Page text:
12 COMMENTS

  1. I feel conflicted by this idea.
    It does indeed achieve the ideas mentioned in your article.
    But it’s not actually an all inclusive idea. Many kids these days have allergies where they can’t even touch someone whom is handling something they’re allergic too. How do we combat this. It would be horrible for them to have to sit somewhere else like an outcast.
    For some families breakfast is the only family time they have. Does this break a part of the family fabric?
    Will kids mock each other for those that attend school breakfast and those who don’t. Unwittingly creating a class system at an early age?
    Religious and cultural requirements may or may not be met under this scheme? Will breakfast be halal/kosher … will prayer time be offered to those that want it at breakfast?
    Eating together is so much more than about food as you have mentioned.
    By turning it into a social production line do we undo underlying family fabrics?
    Basics like cleaning up after yourself or taking turns to prepare or offer breakfast … important social skills involving sharing and being courteous to others … will these disappear as kids become accustomed to having it handed to them on a plate and then taken away. Are we slowing down teaching kids to do things for themselves?
    Who will instruct these kids on basic table manners and who decides what those manners are?
    I think food in schools is a good idea on a level that it teaches them to grow it and take it home to eat. Teaching them to harvest their own properties and giving them some now lost skills not all of us have anymore.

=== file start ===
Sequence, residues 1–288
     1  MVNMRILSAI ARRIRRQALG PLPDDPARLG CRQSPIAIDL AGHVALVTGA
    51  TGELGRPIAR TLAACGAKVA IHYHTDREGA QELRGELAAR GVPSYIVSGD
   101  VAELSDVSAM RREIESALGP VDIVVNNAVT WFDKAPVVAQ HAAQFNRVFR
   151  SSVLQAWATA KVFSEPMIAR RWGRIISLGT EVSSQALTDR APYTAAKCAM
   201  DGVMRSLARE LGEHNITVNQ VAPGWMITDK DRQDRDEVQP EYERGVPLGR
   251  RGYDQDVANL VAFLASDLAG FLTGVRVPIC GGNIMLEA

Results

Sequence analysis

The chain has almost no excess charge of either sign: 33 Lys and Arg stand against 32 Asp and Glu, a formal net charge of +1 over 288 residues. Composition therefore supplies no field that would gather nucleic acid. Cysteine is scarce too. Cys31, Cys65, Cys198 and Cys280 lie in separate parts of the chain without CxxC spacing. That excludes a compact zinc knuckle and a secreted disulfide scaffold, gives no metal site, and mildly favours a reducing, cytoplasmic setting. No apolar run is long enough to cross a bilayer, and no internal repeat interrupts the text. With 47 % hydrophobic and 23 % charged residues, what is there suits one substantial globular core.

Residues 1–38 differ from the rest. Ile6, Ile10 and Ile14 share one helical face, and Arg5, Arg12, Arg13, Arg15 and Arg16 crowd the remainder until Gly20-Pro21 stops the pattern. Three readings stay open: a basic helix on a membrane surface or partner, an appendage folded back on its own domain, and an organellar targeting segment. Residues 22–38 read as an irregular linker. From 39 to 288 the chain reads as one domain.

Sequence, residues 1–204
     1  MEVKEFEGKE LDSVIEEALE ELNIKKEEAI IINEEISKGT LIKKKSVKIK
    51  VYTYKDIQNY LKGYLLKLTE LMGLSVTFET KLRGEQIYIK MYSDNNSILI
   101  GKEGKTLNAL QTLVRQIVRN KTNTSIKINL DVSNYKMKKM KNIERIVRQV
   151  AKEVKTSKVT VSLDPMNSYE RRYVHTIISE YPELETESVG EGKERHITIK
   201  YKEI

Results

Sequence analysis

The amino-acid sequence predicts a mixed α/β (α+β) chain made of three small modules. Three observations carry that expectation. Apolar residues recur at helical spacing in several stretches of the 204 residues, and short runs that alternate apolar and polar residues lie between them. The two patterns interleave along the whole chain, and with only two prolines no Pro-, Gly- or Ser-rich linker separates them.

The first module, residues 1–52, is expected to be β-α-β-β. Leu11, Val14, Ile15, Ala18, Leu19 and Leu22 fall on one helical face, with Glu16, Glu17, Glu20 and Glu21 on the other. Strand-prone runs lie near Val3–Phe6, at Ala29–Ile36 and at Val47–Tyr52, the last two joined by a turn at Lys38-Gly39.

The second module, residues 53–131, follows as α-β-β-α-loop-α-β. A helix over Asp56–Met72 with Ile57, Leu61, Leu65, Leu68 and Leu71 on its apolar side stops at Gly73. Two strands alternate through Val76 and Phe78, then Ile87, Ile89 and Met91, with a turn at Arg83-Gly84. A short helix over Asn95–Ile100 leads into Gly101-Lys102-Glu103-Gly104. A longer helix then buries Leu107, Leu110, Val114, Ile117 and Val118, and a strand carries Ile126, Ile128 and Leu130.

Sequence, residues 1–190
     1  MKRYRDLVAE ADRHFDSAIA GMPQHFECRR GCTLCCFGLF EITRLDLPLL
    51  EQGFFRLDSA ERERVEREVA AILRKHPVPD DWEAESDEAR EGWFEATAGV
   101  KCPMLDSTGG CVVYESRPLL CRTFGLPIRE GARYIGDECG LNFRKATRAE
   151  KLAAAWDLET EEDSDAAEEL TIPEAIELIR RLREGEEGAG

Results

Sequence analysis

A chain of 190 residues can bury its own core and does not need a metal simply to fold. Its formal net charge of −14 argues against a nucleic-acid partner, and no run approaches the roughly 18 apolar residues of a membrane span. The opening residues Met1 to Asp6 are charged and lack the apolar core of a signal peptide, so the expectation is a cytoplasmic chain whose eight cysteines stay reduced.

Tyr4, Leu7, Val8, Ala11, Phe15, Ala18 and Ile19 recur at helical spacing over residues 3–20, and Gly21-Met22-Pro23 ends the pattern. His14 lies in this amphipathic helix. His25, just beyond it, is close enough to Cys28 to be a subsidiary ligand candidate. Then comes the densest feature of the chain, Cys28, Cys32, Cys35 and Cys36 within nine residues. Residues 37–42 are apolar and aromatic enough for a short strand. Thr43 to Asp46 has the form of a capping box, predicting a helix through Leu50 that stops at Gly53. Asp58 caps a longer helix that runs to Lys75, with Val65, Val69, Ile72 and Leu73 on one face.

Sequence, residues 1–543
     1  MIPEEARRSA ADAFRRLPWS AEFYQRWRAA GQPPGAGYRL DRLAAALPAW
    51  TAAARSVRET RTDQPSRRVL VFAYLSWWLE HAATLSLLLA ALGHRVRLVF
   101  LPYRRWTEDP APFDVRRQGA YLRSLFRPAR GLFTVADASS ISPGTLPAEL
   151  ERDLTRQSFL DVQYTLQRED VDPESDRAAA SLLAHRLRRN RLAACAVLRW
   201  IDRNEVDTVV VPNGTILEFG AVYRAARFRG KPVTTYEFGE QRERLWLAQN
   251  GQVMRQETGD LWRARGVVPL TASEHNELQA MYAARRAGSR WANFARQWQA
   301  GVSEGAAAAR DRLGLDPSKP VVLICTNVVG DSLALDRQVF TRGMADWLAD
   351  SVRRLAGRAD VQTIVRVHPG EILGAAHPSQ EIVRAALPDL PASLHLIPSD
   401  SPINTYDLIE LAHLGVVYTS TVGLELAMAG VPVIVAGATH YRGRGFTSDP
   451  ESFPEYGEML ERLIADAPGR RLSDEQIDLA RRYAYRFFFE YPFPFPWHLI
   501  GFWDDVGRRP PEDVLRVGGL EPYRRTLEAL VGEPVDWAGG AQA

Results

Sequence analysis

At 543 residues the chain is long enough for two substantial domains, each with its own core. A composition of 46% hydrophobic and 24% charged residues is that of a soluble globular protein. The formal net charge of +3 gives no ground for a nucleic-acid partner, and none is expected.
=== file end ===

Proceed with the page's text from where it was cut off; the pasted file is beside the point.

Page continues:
• You make an interesting set of points, and in a perfect world would be worth considering very closely. Alas, the situation for many children and families has reached crisis point where if food isn’t provided in schools they simply won’t be eating.

    • Jonny:

      If parents want to have family time with their kids at breakfast they still will be able to. It’s an option, not a mandatory requirement.

      I’d imagine that schools would just simply not provide peanut butter or other nut-containing foods to alleviate the allergy risk.

      As for the rest of it, I’d propose that these things are subservient to the need to get food into starving children. Teach manners at same time, sure, why not. But this is a solution to a dire problem and it’d be a poor reason not to do this out of some fairly nebulous concerns about ‘social fabric’ which, I promise you, will only benefit by having food in these kid’s bellies.

  2. Feeding kids, though obviously a moral thing to do, will not help if the food is derived from the globalised, corporate-controlled agricultural system and the corporate-controlled distribution system. That system is coming to an end, faster than most people imagine possible (2020 at the latest).

    Producing food locally will be the key to survival. And that’s the last thing corporations and their minions want. They want to profit from the control of food for as long as they can, i.e. till the system collapses.